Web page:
Gisele’s Story

You know your child has a rare condition when even the specialists don’t know a lot about it and have never seen anyone with it.

Our three-year-old daughter Gisele (Gigi) was born healthy, and without any signs of an underlying condition. It wasn’t until she was six weeks old that I noticed something wasn’t quite right with one of her pupils⁠—it was much larger than the other one and an unusual shape.

I took Gigi to see an ophthalmologist, who diagnosed her with a coloboma (a rare key-hole shaped pupil). He sent us on our way, but a couple of months later I noticed both her eyes were slightly shaking and one had started to turn inwards.

I took Gigi back to see the same ophthalmologist, and he said she had three distinct visual ‘pathologies’ and all that was required was surgery to correct her strabismus (eye-crossing). She was not even six months old yet.

I suggested given there were multiple things going on there may be something else at play. I was assured there was not and that I was an overreacting mother. Needless to say, I sought a second opinion.

What followed was a series of visits to paediatricians, neurologists, cardiologists, a Magnetic Resonance Imaging (MRI) test, multiple electroencephalograms (EEGs), blood tests, scans and eventually, genetic testing. Twelve months later, after initially being misdiagnosed based on her genetic results, we finally received the correct diagnosis of Mosaic trisomy 20.

By this time, Gigi had experienced vision impairments, hypotonia (floppy upper body) and a global developmental delay.

I think the gravity of it all really hit me when I asked the genetic specialist what the symptoms of her condition were, and what we could expect as she grew. He told me Gigi would reveal this to us in time, and that there was simply no way of knowing.

No way of knowing…

The not knowing was (and still is) the hardest part.

Over time I’ve managed to find two other families who have a child with Mosaic trisomy 20—one in Perth and one in the United States of America. Being able to connect with these families has made such a big difference. It makes me feel like we’re not completely alone, and that there are other people who understand.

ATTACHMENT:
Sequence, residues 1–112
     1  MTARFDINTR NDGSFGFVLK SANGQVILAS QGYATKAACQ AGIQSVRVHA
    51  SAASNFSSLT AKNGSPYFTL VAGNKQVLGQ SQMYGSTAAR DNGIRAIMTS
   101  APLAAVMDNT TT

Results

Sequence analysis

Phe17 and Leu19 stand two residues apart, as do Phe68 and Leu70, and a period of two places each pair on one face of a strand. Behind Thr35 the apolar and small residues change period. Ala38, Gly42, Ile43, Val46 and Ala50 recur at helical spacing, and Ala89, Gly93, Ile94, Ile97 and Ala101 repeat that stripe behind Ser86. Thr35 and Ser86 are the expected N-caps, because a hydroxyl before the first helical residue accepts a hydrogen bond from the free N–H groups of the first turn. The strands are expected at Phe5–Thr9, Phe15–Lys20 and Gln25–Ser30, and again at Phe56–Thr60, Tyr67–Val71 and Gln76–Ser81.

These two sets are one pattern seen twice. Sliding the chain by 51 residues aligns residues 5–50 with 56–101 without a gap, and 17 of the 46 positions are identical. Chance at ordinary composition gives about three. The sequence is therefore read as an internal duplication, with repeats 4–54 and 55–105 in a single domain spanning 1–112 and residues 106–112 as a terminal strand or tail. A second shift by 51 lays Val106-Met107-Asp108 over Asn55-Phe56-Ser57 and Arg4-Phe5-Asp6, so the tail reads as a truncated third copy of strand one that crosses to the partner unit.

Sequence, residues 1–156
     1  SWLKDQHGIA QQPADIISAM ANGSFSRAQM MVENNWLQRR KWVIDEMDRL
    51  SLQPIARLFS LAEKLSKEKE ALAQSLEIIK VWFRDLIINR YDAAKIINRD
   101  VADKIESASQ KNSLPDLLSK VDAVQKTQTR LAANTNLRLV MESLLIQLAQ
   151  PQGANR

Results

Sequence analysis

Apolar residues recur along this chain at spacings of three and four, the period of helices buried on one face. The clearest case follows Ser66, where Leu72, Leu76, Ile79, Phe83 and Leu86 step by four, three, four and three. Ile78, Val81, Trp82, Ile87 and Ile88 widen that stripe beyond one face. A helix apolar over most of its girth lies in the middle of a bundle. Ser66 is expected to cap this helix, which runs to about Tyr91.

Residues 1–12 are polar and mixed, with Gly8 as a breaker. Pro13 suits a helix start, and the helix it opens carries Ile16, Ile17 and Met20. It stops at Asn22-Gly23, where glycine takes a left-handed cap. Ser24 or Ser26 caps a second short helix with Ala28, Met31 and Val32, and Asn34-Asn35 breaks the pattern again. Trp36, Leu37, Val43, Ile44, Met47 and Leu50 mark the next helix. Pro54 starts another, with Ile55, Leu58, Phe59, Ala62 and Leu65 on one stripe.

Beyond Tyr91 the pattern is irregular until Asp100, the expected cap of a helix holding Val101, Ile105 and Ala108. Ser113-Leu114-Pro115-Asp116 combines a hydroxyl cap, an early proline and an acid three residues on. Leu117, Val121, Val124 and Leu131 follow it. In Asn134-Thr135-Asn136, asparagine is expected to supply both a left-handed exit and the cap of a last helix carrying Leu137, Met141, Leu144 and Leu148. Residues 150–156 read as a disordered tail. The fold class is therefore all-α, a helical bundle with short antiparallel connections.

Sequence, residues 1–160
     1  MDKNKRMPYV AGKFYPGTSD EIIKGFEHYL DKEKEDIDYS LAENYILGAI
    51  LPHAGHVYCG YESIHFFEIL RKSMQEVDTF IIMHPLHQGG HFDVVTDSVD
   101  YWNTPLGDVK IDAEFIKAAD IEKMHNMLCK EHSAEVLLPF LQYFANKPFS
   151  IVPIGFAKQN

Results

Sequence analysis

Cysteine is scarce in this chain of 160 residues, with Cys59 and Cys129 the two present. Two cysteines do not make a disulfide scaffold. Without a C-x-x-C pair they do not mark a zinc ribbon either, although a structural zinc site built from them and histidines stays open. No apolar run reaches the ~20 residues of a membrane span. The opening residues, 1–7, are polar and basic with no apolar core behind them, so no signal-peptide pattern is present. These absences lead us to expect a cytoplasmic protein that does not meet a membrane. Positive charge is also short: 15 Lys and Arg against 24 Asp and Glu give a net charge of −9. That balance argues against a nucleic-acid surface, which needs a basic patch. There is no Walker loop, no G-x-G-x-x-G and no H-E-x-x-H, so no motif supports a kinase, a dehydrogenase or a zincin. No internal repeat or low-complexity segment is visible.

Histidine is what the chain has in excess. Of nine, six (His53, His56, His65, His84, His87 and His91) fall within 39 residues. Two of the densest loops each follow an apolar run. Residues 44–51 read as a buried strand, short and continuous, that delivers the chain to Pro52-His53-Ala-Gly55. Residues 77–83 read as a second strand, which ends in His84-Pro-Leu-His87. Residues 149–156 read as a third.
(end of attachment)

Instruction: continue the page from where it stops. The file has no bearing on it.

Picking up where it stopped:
Gisele continues to see a specialist about her vision issues, and has regular physical therapy, occupational therapy, speech therapy and help with walking and other physical activities. She uses a mix of words, Key Word Sign and an assistive, augmentative communication (AAC) device to communicate.

Far from letting her condition hold her back, Gigi is incredibly happy, engaged and determined. She goes to childcare, has friends and loves playing with her big sister Lena and our Cavoodle, Boris.

I still worry a lot about what will happen to Gigi when she grows up and the time comes when her dad and I aren’t around for her anymore. I feel this is one of the biggest anxieties for parents of children with additional needs.

But I’m greatly comforted by the fact Gigi is already progressing so well, and I know in my heart that with the support of her big sister, extended family, therapy team, support workers and educators, she will live a meaningful and fulfilling life.

The more I watch her develop and see just how amazing she is, and how determined she is to succeed, the more confident I feel about Gigi’s future.

The not knowing is the hardest part. But in some ways, it’s also the best. Sure, we don’t know what her future holds but no one really does. With Gigi there’s no roadmap to follow, and no milestones to track. There is no typical path for our one-in-a-billion girl.

The great part is that means she gets to create it.

We’re incredibly proud of our beautiful girl, and we can’t wait to see what’s next.

Gigi inspired her mum Chrissy to create the Gigi Biba unique, easy to attach and remove baby bib with an innovative one-handed, wake-proof clip. Ten cents from every Gigi Bib sale will be donated to Rare Voices Australia and contribute to advocating for the best outcomes for Australians living with a rare disease.